Finding only one case of the disease in the investigation of hundreds of Egyptian mummies, with few references to cancer in literary evidence, proves that cancer was extremely rare in antiquity. The disease rate has risen massively since the Industrial Revolution, in particular childhood cancer – proving that the rise is not simply due to people living longer. Continue reading
underground nuclear tests produce measurable seismic waves. In fact, much of what we know about the size and success (or failure) of North Korea’s nuclear tests comes from seismologists’ analysis of the small earthquakes the blasts triggered
Man-made earthquakes: Fact or fiction?, Reveal News By Ariane Wu and Michael Corey / June 30, 2015 Scientists have known for a long time that humans can cause earthquakes, especially when we mess around with underground faults. The most dramatic example of this now can be found in the American Midwest.
Oklahoma has always had earthquakes, but they used to be rather rare – about one or two a year that people could feel. That started to change around 2009. And by 2014, things really went crazy.
The seismological community is pretty unified in concluding that the big increase in earthquakes in Oklahoma comes from injecting wastewater brought up by oil and gas exploration back into the earth. Read more about the link between wastewater disposal wells and earthquakes here. Continue reading
Federal Labor frontbencher Anthony Albanese opposes Australian further involvement in nuclear fuel chain
Premier Jay Weatherill at loggerheads with senior Labor members over nuclear industry, GST, Perth Now July 24, 2015 PETER JEAN CHRIS RUSSELL The Advertiser “…….Federal Labor frontbencher Anthony Albanese yesterday declared his opposition to any further Australian involvement in the nuclear fuel cycle and to the importation of nuclear waste, while Labor leader Bill Shorten reiterated his hostility to raising the GST.
Mr Albanese – who unsuccessfully stood for the Labor leadership after the last federal election – yesterday said it was too dangerous for Australia to become more involved in the nuclear fuel cycle.
“My position on the nuclear fuel cycle is clear,’’ Mr Albanese told an anti-nuclear weapons event held on the sidelines of the ALP conference.“Until the issues of nuclear waste and nuclear proliferation are satisfactorily solved, I oppose any further Australian involvement in the nuclear fuel cycle.“Nuclear waste created today, remains an issue for generations to come.’’
Mr Albanese’s opposition to nuclear energy is heavily influenced by his close friendship with former Labor MP Tom Uren, who died earlier this year. As a prisoner of the Japanese in 1945, Mr Uren saw the mushroom cloud from the atomic bombing of Nagasaki……..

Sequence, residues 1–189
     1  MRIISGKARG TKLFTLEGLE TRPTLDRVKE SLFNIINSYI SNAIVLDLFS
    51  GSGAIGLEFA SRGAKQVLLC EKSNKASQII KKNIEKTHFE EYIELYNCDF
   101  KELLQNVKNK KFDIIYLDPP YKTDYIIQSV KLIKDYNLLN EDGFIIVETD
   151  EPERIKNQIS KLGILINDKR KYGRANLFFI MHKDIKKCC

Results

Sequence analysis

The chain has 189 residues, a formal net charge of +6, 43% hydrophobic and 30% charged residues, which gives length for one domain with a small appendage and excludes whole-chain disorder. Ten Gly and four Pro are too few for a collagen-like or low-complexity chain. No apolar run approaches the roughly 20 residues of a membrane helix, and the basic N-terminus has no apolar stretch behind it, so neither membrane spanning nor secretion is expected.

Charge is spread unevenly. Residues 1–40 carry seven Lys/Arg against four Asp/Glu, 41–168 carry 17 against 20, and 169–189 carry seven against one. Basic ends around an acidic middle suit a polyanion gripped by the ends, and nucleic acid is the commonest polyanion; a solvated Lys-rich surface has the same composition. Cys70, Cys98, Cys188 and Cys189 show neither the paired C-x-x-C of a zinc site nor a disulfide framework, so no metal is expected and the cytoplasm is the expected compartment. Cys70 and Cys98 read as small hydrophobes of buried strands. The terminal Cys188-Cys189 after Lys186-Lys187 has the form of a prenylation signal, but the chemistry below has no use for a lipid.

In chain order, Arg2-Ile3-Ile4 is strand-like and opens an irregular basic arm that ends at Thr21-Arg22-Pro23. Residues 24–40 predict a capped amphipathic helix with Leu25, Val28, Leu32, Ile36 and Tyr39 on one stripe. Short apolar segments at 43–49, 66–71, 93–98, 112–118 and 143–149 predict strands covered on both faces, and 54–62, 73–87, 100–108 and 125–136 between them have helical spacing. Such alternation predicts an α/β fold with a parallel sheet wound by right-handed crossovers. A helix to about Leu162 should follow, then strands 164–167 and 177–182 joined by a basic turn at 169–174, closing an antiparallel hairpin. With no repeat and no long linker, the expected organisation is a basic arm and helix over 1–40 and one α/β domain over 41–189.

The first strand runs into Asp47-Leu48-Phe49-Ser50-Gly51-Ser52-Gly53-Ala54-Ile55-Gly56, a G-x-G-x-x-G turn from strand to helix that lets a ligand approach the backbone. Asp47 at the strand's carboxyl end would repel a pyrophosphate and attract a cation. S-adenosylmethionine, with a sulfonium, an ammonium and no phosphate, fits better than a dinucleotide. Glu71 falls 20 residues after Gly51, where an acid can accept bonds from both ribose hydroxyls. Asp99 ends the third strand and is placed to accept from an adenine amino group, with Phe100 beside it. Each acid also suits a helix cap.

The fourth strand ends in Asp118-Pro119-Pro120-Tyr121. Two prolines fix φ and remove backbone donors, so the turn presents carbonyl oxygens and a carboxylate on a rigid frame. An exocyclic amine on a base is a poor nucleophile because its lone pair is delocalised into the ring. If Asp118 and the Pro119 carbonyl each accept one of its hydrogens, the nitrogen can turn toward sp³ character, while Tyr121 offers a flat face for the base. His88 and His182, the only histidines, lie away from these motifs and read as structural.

Labor’s platform commits the party in government to prohibiting “the establishment of nuclear power plants and all other stages of the nuclear fuel cycle in Australia.’’
An anti-nuclear section of the Federal Labor policy platform will be left in place at Labor’s national conference in Melbourne this weekend……..
Rear Admiral Kevin Scarce, the head of South Australia’s Nuclear Fuel Cycle Royal Commission, said yesterday if he was to recommend an expansion of the industry, national support would be crucial.“There would be no opportunity - in my view – without bipartisan support both at the federal and state level to make the investment that would be necessary,” he said………http://www.perthnow.com.au/news/national/premier-jay-weatherill-at-loggerheads-with-senior-labor-members-over-nuclear-industry-gst/story-fnii5yv8-1227456054891
Submission to the Nuclear Fuel Cycle Royal Commission, by Helen Caldicott on July 24, 2015 I begin my submission to the Nuclear Fuel Cycle Royal Commission by posting an article which I wrote for the Australian Medical Student Journal, which outlines in some detail the medical implications of the whole nuclear fuel chain.
The impact of the nuclear crisis on global health
Due to my personal concerns regarding the ignorance of the world’s media and politicians about radiation biology after the dreadful accident at Fukushima in Japan, I organized a 2 day symposium at the NY Academy of Medicine on March 11 and 12, 2013 … [ to read the full text of this article, click on this link: http://www.helencaldicott.com/the-impact-of-the-nuclear-crisis-on-global-health/. The link will open in a new tab or window. Close it to return to this page ]
Now to answer some of the questions posed by the Royal Commission Continue reading
SEOUL–A South Korean court for the first time has ruled in favor of a plaintiff claiming a link between radiation from a nuclear power plant and cancer—a verdict that could trigger similar lawsuits in a country that depends heavily on nuclear power. (subscribers only) http://www.wsj.com/articles/south-korean-court-ruling-could-spur-nuclear-power-plant-suits-1413885944
KI is also available for those who work within the 10-mile radius, but do not live there. Employers can contact the Department of Health at 1-877-PA-HEALTH to make arrangements to pick up tablets for their entire workforce.
School districts within the 10-mile radius have the option of deciding whether to distribute KI for their students. Interested schools work directly with the department to obtain their supply of tablets…….http://www.wtae.com/news/department-of-health-distributing-free-potassium-iodide-to-pennsylvanians-near-nuclear-power-plants/34335576